GBP/AUD is showing no direction in early trading on Thursday. The pair is currently fluctuating at 1.9076, up 0.03% as of 6:08 AM UTC.
The market is watching the Brexit developments after European Commission President Ursula von der Leyen visited UK Prime Minister Boris Johnson in London yesterday. Elsewhere, Australia is still struggling to fight wildfires.
The sterling has been under pressure after the British Retail Consortium (BRC) said yesterday that shoppers didn’t rush to spend last year. 2019 was the worst year for retailers since the mid-90s, mainly because of Brexit uncertainty.
Nevertheless, another survey showed that British shoppers have become more confident after Johnson secured his historic victory last month.
The BRC said that total retail spending declined by an annual rate of 0.9% in November and December. The two months were merged to reduce the volatility caused by fluctuations in Black Friday dates between 2018 and 2019.
BRC chief executive Helen Dickinson said:
“Looking forward, the public’s confidence in Britain’s trade negotiations will have a big impact on spending over the coming year.”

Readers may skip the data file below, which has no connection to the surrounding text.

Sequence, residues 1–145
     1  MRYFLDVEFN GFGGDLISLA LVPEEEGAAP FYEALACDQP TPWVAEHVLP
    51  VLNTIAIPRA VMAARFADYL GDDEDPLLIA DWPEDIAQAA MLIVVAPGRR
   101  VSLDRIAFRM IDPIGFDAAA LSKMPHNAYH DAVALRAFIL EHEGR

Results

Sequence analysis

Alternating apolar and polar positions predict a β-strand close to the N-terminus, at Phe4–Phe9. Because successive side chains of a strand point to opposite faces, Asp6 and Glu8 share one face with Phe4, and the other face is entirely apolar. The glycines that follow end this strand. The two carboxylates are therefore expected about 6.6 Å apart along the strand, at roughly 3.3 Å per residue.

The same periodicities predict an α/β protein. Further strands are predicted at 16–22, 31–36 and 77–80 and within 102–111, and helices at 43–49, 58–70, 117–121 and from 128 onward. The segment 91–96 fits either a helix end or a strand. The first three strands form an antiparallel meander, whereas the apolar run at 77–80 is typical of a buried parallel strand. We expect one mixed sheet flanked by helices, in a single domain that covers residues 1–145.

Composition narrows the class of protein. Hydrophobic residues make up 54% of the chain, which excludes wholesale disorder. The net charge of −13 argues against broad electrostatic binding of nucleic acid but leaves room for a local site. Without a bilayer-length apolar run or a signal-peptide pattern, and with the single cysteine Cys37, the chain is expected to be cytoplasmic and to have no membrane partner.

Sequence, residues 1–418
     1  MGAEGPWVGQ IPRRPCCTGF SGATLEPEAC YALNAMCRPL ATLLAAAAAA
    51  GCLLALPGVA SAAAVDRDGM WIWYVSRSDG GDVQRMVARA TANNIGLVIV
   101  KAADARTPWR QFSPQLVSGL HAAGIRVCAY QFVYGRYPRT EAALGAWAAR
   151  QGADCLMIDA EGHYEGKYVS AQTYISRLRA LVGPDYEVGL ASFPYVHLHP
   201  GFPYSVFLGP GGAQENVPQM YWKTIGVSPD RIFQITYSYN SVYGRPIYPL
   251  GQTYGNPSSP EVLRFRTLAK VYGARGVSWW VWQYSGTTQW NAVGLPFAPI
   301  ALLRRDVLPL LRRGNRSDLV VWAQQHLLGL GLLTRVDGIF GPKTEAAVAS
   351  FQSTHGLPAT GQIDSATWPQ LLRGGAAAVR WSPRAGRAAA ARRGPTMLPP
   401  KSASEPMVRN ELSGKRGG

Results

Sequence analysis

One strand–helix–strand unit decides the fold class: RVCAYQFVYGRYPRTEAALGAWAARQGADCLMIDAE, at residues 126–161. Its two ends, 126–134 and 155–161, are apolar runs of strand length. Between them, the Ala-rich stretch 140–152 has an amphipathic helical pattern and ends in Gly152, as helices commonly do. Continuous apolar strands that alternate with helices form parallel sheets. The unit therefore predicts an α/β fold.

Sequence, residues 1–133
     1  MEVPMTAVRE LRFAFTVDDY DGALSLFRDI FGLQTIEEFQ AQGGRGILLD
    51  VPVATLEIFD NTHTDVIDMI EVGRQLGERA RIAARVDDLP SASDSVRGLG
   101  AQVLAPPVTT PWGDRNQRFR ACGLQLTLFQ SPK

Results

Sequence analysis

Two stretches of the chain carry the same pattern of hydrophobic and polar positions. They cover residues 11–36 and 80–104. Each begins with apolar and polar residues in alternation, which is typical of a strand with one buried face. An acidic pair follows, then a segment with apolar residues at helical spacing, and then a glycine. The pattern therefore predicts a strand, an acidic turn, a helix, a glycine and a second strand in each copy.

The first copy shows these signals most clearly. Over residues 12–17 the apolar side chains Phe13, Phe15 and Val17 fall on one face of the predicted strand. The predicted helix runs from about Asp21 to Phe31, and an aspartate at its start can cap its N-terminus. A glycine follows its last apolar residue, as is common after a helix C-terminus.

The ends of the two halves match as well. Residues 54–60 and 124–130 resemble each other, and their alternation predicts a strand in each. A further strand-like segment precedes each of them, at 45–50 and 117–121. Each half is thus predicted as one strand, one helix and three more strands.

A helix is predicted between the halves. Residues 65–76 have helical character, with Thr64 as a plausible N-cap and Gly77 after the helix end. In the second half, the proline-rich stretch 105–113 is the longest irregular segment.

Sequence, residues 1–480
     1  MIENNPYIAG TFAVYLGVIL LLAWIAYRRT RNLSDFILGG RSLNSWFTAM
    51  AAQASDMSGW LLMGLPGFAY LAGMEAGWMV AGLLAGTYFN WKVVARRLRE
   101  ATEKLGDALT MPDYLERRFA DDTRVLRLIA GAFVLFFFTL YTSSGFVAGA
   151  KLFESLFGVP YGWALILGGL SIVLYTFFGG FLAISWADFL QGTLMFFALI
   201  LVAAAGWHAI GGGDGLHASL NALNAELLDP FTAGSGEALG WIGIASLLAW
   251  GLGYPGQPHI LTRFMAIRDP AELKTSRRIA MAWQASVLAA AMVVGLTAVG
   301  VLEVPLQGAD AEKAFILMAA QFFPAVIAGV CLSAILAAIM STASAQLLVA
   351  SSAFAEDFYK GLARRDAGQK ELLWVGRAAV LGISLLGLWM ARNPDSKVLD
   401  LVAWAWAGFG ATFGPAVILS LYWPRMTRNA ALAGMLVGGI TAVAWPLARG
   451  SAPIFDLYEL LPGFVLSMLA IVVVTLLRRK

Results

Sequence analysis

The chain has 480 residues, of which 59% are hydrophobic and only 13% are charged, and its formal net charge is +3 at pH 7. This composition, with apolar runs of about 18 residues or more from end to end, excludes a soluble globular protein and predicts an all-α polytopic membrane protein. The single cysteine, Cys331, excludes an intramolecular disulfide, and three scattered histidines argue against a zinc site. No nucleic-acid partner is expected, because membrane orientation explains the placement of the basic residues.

She was referring to the post-Brexit transition period when the UK has to reach a trade deal with the European bloc. Johnson made it illegal to extend this period beyond 2020, but European leaders and the British opposition claim an extension is necessary for such a complex deal.
Elsewhere, Barclaycard said that consumer spending increased by an annual rate of 1.0% last month, from 1.5% in the autumn. Supermarkets posted a decline of 0.9%.
Barclaycard’s survey showed that 41% of British consumers expressed confidence after the national election held on December 12, up from 31% from November. This is the highest level since March 2017.
However, this year much depends on the negotiations between the UK and the EU. Von der Leyen said yesterday that the UK couldn’t get a comprehensive deal within the current deadline and called for an extension. She stated:
“The more divergence there is, the more distant the partnership has to be. Without an extension of the transition period beyond 2020, you cannot expect to agree on every single aspect of our new partnership.”